I have heard a lot in the news lately about how the “teacher” pension fund will bankrupt school districts across the nation. The simple fact is that there is a crisis in Pennsylvania with the pension fund, but I think it is important to understand how the pension fund got into such a dire situation. I think it is important to know some simple facts about what employees are included in the pension fund (at least as I understand it). The pension fund (the Pennsylvania Public School Employees Retirement System), includes teachers, all support staff, state employees (and interestingly enough) Pennsylvania law makers. There are over 600,000 members (both active and inactive) currently in the pension system. For educators, the benefits include a “multiplier” of 2.5%. What this means is that once a retiree reaches full retirement age (62 years old or 35 years of service) they will receive a pension payment based on the following formula: number of years in service X 2.5, this number is then changed to a percentage. The next calculation is the average salary of the last three years of work for a retiree. Once that number is calculated, the percentage from the first calculation is applied and that is what the retiree will receive. So, for example, if a retiree is at full retirement, you multiply 35 (years of service) X 2.5 which equals 87.5. If the average salary over the last three years of service was $60,000, then calculation is 87.5% of $60,000, which is $52,500. This is what the retiree would receive in benefits. I will not get into more of the rules and penalties that are involved if someone does not reach full retirement, but suffice to say that there are penalties if one does not reach full retirement age. I believe the multiplier for state lawmakers is 3.0. So now that you understand a little bit more about what the benefits are, how did the state get into the current crisis?
The pension is funded in two ways: employee contributions and employer contributions. The employee contributes a percentage of their income to the fund and the employer contributes a percentage of the employee’s income to the fund also. The State then reimburses the local school district for half of their contributed amount. For employees within the school system, the rate of their contribution is 7.5% if you were employed after 1983 and 6.25% if you were employed before 1983. Employees have actually contributed more to the fund since 1999. The percentage that the employers contribute has fluctuated greatly over the past ten years. This fluctuation is where (I believe) the crisis has its start. State lawmakers determine what the percentage will be that the employers will contribute. This chart provides historical data showing that in 1997-1998 a drastic decrease in employer contributions started to occur. Again, this was a policy change made at the State level. It is also obvious to anyone who has tried to balance a checkbook, that if you put less money into your account eventually you will run out of money or you will have to start putting more money into the account. For awhile, PSERS investments were doing so well that those earnings masked the fact that the contribution rate was decreased. However, with the economic downturn, those investments are not doing as well. This is the risk one takes when you rely on the “magic” of the market for your income. To make up for the years when policy makers felt that the employers did not have to contribute much money to the system, school districts are now going to have to make up for that lack of contributions. The percentage rates that the school districts will have to contribute (remember half of that is reimbursed by the State) will increase dramatically over the next few years. This increase will have a distressing effect on school budgets across the State. For Ridgway, the district anticipates a $500,000 dollar increase in our share of the pension contribution.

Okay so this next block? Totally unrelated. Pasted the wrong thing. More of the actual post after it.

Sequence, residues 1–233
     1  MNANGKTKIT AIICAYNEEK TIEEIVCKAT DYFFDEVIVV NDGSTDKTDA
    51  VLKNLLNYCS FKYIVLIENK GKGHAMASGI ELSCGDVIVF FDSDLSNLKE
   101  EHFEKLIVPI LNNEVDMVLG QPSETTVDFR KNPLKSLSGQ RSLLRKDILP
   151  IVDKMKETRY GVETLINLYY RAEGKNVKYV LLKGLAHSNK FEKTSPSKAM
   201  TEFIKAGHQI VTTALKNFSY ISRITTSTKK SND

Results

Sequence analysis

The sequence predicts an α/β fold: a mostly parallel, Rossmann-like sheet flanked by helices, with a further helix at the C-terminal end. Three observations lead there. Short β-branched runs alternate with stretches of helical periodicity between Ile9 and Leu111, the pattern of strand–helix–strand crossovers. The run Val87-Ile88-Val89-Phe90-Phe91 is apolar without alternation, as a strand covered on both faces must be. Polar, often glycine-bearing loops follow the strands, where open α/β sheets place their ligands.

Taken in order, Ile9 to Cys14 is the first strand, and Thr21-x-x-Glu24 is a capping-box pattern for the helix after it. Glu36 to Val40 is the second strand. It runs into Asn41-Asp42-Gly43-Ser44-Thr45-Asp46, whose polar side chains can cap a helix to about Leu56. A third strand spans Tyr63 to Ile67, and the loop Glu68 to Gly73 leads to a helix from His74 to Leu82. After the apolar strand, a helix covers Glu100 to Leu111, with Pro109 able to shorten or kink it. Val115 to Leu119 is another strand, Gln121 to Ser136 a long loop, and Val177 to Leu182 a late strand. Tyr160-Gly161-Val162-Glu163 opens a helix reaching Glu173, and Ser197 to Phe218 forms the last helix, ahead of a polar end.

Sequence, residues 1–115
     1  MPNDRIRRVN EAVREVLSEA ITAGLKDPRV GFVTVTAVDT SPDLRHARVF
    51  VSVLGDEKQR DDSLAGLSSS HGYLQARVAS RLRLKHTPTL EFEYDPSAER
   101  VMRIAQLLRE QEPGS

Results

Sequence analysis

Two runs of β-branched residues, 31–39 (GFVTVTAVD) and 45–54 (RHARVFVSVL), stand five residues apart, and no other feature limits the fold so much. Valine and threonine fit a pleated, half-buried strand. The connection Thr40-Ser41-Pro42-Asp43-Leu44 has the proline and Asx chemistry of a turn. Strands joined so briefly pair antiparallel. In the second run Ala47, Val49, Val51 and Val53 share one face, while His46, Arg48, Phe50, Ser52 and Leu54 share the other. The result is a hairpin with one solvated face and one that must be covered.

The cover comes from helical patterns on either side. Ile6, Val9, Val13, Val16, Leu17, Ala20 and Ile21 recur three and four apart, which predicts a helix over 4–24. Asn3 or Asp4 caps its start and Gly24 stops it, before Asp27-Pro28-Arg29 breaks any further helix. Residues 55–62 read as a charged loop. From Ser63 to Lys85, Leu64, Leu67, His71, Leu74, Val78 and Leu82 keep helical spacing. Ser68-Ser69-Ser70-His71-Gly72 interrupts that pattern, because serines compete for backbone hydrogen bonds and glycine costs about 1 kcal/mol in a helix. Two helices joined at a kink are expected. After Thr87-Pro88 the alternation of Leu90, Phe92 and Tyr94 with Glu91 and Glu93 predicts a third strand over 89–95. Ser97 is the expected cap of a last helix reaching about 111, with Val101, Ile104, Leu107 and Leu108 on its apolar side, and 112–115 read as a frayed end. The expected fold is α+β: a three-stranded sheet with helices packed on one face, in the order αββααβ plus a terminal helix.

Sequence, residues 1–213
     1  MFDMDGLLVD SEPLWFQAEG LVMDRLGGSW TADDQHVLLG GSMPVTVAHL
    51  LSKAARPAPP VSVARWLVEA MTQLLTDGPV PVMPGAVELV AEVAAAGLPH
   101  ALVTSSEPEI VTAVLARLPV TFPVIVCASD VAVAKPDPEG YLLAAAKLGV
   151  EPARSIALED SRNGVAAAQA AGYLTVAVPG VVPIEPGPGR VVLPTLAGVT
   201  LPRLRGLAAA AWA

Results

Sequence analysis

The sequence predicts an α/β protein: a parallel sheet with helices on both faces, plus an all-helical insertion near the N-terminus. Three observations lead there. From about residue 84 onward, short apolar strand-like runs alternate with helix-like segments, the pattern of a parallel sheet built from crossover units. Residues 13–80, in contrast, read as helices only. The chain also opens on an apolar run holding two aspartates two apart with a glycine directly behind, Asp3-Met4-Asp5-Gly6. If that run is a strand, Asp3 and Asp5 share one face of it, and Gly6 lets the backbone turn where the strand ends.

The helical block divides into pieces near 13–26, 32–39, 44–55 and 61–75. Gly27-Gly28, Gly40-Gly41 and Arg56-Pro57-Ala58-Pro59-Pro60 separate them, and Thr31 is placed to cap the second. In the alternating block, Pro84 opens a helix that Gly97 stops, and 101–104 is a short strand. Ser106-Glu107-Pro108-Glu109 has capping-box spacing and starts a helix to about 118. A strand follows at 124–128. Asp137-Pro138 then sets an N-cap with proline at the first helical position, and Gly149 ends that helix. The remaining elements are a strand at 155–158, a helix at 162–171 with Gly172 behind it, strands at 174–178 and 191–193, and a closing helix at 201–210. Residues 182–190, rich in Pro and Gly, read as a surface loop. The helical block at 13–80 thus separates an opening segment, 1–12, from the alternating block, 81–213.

I hear policymakers want to blame the school districts for “giving up the store” as far as benefits for their employees. However, as you can see from this blog, policy making at the state level (as determined by employer contribution rates that school district are required to follow) has played a big part in the pension crisis that will occur over the next few years. The pension crisis is another piece to the puzzle that will impact how education is provided to our communities. I am excited to work through these problems and look forward to improving the educational services for our students and community.